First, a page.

16
16
An important pair of parcel-gilt silver groups, probably Nicola Cangiani, Naples, 1701
Estimate
60,00080,000
JUMP TO LOT
16
An important pair of parcel-gilt silver groups, probably Nicola Cangiani, Naples, 1701
Estimate
60,00080,000
JUMP TO LOT

Details & Cataloguing

Excellence

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Paris

An important pair of parcel-gilt silver groups, probably Nicola Cangiani, Naples, 1701
each on a gilt-bronze base, one representing Saint Ann with the Virgin Mary as a child standing on her left side, the other Saint Joseph with the Christ Child on his knees, a blossoming rod at his left arm, both dressed with elaborate coats decorated with flowers
38 x 22 x 19 cm ; 15 x 8 2/3 x 7 1/2 in.
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Literature

RELATED LITERATURE
P. Jorio, C. Paolillo (dir.), Il Tresoro di Napoli. I Capolavori del Museo di San Gennaro, Milano, 2013, pp. 218-222
E. and C. Catello, Scultura in argento nel Sei et Settecento a Napoli, Naples, 2000
E. et C. Catello, Argenti Napoletani dal XVI al XIX secolo, Naples, 1973, pp. 97 and 126
Settecento napoletano sulle ali dell'aquila imperiale 1707-1734, exh. cat. Vienna and Naples, 1994, pp.365-375

Catalogue Note

For the Neapolitan Baroque sculptors, The Holy Family embodied the ideal expression of filial love and was in keeping with the dogma of the Counter-Reformation. Both testimonies of sincere devotion and celebration of family cohesion and the representations of the childhood of Jesus were also inspired by scenes of Neapolitan daily life. Their spontaneity is reminiscent of the popular models of the Neapolitan crib, mixing the sacred and secular worlds. These statuettes with realistic and rather exaggerated features were so popular in Naples that famous sculptors such as Matteo Bottiglieri, Lorenzo and Dominico Vaccaro, and even Giuseppe Sanmartino, produced their own models. In the 17th century, Saint Joseph gained a dominant position. His representations multiplied dramatically and he became the paternal pendant of the classic iconography of the Virgin and Child. He is identified by his flowering rod, which designated him as the chosen one among the Virgin's group. By extension, the representations of the Holy Kinship - namely the ancestry of the Virgin - are flourishing. Anne, depicted as an aging woman, becomes like Joseph, a symbol of filial love.

The representation of half-length saints is probably inherited from the production of Gothic reliquary busts , the wooden core of which was plated with silver or gilt-copper leaves. In Naples, during the 17th century, the bust became an autonomous genre released from its original function. Anne and Joseph's half-length composition was part of this Neapolitan tradition of silver busts of saints, of which the most important ensemble is in the chapel of San Gennaro. On January 13, 1527, a contract was signed between January, the patron saint of Naples, who died a martyr a millennium before, and the Neapolitans. In exchange for his protection, they commited to constitute a treasure and to build a chapel dedicated to the saint. Thus, the greatest sculptors and goldsmiths from the 1660s to the mid-19th century were commissioned to produce about fifteen colossal silver busts to complete the 14th century reliquary bust containing a few drops of Saint January's blood. Influential artists and craftsmen collaborated on this ambitious project, such as the sculptor Cosimo Fanzago with the goldsmith Aniello Treglia (Bust of Saint Euphebius, 1672) and Domenico Antonio Vaccaro with an anonymous silversmith (Saint Sebastian, 1697-1709). Other busts were the work of a single goldsmith, or a family of goldsmiths, such as Saint Irene by Carlo Schisano (1733) and Saint Theresa by Andrea and Domenico De Blasio (1715).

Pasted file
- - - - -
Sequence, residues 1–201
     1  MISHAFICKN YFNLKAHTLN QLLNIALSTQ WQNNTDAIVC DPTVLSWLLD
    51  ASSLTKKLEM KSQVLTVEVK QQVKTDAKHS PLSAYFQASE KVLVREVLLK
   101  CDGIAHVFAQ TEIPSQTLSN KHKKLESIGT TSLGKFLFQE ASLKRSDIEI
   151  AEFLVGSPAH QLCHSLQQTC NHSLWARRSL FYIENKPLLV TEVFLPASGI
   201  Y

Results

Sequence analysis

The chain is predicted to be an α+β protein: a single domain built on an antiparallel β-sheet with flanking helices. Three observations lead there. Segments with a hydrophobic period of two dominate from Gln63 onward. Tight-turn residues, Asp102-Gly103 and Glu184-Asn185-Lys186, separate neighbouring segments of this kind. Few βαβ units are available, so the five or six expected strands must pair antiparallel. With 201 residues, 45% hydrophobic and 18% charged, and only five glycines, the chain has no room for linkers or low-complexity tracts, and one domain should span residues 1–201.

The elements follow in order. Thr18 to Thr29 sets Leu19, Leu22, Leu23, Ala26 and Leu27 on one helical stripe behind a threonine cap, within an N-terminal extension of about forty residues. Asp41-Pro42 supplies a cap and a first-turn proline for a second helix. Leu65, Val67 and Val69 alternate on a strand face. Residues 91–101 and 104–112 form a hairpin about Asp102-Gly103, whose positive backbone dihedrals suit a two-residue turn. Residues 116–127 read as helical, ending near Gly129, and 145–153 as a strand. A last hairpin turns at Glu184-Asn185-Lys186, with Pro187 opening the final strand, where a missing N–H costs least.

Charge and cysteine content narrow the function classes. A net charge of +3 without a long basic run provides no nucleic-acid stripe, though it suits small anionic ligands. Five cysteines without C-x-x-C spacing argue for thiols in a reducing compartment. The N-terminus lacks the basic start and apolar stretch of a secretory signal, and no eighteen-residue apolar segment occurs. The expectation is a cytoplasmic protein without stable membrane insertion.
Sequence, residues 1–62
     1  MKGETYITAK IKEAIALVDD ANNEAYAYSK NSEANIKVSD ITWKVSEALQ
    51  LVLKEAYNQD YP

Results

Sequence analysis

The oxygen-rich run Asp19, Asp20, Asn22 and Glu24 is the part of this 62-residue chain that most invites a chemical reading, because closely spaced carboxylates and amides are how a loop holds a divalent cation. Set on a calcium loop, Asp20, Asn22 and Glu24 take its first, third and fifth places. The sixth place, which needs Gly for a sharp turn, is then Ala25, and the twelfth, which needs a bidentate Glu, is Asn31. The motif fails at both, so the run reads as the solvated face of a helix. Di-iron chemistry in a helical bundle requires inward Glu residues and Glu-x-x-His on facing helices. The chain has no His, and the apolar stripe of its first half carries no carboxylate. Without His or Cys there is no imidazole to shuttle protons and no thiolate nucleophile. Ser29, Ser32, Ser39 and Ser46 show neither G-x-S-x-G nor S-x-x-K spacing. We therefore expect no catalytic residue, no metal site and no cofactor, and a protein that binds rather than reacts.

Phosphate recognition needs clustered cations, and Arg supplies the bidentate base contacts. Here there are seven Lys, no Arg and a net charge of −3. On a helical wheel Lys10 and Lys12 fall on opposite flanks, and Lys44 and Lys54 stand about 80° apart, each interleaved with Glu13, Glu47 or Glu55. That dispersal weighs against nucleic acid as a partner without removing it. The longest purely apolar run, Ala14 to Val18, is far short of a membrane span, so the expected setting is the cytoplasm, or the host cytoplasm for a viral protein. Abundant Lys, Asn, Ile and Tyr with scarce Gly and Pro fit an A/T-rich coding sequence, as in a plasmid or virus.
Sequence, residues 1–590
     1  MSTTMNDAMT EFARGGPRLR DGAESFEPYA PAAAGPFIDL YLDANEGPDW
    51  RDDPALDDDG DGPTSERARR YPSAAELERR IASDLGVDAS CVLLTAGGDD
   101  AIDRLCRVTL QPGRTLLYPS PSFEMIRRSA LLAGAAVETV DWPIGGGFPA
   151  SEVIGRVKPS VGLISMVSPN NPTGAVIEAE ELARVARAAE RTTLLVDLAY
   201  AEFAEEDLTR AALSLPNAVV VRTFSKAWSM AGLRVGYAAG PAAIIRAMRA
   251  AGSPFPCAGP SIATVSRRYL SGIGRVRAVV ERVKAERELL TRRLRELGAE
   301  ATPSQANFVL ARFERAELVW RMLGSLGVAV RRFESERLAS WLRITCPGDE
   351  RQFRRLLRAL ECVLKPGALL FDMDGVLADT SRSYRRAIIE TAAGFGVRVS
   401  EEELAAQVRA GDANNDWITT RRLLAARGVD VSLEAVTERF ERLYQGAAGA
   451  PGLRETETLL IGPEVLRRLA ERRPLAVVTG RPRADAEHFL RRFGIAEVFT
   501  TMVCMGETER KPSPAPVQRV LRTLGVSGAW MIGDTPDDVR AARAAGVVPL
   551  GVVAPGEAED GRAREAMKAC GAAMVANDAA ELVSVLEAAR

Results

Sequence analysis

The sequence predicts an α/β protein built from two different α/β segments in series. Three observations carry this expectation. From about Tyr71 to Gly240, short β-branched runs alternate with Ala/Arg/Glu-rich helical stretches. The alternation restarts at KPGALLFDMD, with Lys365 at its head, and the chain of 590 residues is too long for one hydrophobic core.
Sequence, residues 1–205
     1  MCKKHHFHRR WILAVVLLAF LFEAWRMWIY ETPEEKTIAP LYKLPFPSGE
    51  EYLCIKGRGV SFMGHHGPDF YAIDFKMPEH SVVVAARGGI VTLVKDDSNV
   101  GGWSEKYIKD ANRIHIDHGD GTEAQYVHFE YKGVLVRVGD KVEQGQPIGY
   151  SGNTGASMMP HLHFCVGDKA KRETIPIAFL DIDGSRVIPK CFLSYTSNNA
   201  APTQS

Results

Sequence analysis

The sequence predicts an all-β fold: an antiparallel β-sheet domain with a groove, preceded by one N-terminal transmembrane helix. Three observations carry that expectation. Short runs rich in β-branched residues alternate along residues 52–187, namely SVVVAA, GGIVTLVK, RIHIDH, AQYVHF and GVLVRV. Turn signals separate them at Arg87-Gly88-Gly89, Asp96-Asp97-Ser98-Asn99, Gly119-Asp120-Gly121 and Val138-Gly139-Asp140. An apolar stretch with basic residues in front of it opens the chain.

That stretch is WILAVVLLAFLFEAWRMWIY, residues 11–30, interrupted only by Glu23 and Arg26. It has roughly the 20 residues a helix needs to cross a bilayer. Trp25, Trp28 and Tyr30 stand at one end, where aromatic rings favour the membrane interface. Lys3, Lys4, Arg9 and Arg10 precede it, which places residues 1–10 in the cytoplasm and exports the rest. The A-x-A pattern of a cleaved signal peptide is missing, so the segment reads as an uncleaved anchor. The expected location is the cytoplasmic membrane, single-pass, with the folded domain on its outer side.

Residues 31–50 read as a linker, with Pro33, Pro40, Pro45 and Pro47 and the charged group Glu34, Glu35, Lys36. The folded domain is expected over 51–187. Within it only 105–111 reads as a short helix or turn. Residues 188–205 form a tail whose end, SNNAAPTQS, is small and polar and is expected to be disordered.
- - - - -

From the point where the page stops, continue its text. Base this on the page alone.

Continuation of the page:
Made by the De Blasio family, one should mention two groups which are comparable yet later than the present lot – exhibited in Maastricht by Gallo Fine Art for the 2018 TEFAF, and presenting Saint Joseph and Child and Saint Vincent Ferrier, by Baldassarre de Blasio, after models by Giuseppe Picano, circa 1750.

Although little is known about Nicola Cangiani, he is from another well-known Neapolitan goldsmith dynasty and was elected "Console dell'Arte" (assay-master) in Naples in 1703. The remarkable quality of the two present groups, probably intended for private devotion, is a proof of Cangiani's skill. The goldsmith has perfectly achieved to transcribe the modelling of the bodies, the texture of the hair and the richness of the clothes. He was also able to capture the realistic details of the characters, such as the wrinkled and smiling face of Saint Anne. Finally, the magnificent engraving, notably on the clothes adorned with floral patterns on matted ground highlighted with gold, underlines the preciousness of these two groups.

Excellence

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Paris